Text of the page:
I faced the same problem that I'm sure many avid cyclists have- "Where do I put all these bikes?!" I have a mountain bike, a commuter/utility bike, a fixed gear, a bike polo bike, and my wife's hybrid bike too. I used to keep them piled in my basement but every time I wanted to ride a specific bike I had to move 3 other bikes out of the way to get to the one I wanted.

I knew there had to be a solution but my searches for a storage solution were nearly fruitless. I found several different styles of bike racks online but everyhting I found shared 2 common elements. They were all overpriced (generally $200+ if I hoped to store 5 or more bikes), and they did not appear to offer much in the way of space savings over my current method. I knew there had to be a better and cheaper solution. I keep a couple 18"x24" whiteboards in my garage because I'm a visual person who needs to see things to fully understand them. I spent a few evenings in my basement with a tape measure and my whiteboards measuring the bikes and the room and sketching designs. After many scrapped ideas, I settled on a modified A Frame design that would be pretty easy to make with basic tools. I loved this design because it could store 5 bikes in the space of 3 without compromising the ability to get to any bike at any time. A $25 trip to the hardware store later I was ready to start building.

It came together pretty easily and now that it's complete the rack works just like I'd hoped. 3 bikes on the bottom and 2 bikes on the upper level with space for the future addition of a shelf inside the "A" frames to store a bike pump, chain lube, and some spare tubes. The upper bikes stay in place just fine but I did add bungee cords to secure them just in case of an unexpected earthquake or Godzilla attack.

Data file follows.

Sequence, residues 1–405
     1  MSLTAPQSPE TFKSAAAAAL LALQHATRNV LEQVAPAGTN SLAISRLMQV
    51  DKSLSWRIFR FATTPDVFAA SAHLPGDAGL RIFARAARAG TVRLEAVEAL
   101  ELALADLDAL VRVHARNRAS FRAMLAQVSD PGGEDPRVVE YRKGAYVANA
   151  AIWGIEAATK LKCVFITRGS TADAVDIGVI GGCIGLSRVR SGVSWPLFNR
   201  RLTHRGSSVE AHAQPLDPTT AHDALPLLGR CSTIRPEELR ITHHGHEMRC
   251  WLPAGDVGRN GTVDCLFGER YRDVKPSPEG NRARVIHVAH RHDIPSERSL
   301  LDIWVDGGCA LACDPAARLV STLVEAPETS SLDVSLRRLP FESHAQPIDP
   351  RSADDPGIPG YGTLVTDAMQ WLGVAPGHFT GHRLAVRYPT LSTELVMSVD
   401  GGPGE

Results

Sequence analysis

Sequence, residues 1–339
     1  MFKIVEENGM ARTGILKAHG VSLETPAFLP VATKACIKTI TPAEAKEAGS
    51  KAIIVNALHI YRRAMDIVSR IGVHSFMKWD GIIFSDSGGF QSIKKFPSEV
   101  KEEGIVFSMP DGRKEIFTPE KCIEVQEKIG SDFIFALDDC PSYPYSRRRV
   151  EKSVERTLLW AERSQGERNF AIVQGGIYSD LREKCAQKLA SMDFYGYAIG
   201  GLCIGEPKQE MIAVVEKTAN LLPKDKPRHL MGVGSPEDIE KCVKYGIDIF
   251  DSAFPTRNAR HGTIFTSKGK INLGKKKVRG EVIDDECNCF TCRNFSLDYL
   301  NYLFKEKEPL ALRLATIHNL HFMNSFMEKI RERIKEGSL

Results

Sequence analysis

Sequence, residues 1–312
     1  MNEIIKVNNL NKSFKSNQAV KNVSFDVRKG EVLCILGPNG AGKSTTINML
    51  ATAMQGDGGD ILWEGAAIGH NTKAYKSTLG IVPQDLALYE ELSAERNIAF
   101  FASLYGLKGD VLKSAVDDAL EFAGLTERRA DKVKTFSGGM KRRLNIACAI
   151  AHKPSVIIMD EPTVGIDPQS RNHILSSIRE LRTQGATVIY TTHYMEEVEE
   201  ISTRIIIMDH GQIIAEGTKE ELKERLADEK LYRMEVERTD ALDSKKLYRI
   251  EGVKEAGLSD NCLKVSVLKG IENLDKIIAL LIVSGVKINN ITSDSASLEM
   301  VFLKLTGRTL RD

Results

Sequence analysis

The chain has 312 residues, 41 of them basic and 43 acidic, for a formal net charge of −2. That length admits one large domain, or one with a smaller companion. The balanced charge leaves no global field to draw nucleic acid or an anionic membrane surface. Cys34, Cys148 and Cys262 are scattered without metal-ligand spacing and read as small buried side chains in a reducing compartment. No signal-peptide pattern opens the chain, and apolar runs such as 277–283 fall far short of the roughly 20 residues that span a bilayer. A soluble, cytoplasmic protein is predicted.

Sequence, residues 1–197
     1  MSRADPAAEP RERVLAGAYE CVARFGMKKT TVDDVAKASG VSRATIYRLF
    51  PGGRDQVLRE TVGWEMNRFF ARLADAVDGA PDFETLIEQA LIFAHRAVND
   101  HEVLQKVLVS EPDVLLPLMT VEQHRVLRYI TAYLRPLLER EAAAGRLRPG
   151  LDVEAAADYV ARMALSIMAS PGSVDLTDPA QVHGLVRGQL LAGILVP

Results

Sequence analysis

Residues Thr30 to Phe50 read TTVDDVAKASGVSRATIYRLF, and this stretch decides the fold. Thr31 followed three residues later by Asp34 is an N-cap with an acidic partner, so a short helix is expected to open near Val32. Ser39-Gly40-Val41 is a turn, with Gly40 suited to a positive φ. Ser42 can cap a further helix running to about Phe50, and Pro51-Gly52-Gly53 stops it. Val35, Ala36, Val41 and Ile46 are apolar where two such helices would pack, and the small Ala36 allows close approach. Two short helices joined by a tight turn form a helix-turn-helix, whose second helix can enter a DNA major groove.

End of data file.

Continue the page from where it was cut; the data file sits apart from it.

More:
It's not the prettiest piece of furniture I own, but it gets the job done and for 1/8 of what I would have spent on a ready-made unit I'm happy.

Leaner nations bike, walk, use mass transit

Link found between 'active transportation' and less obesity in 17 countries

AP story

KNOXVILLE, Tenn. - Jim Richards is no kid, but he loves to ride his bike. At 51, he has become a cycling commuter, pedaling 11 miles from his home in the suburbs to his job in downtown Knoxville.

"It really doesn't take that much longer" than driving, he insists.
And he gets 40 minutes of exercise twice a day without going to the gym, which he attributes to a 20-pound weight loss.

Full story:

Photo credit:
Wade Payne/AP

Tuesday, December 9, 2008

Let's get visible

The singing's pretty bad, but the message is oh so important: be visible when cycling.

And a warning for those with delicate sensibilities: the video is just a little bit risque.

Thanks to the Vancouver Area Cycling Coalition, Momentum Magazine, and the B:C:Clettes for making the video.

Turn on your lights, everybody!

Monday, December 8, 2008

Tour de Lights reminder

Join us for the second annual Tour de Lights!

Wed., Dec 17
7 p.m.
Krutch Park, next to Market Square

Experience the beautiful holiday lights of Island Home and downtown by bicycle. Meet at Krutch Park for the Tour de Lights, sponsored by the City of Knoxville and the TPO Bicycle Program. Free bicycle safety checks start at 6 p.m., until the ride leaves. Hot chocolate and cookies will be provided after the ride by the Mast General Store. The ride will be less than 6 miles and does not have many hills.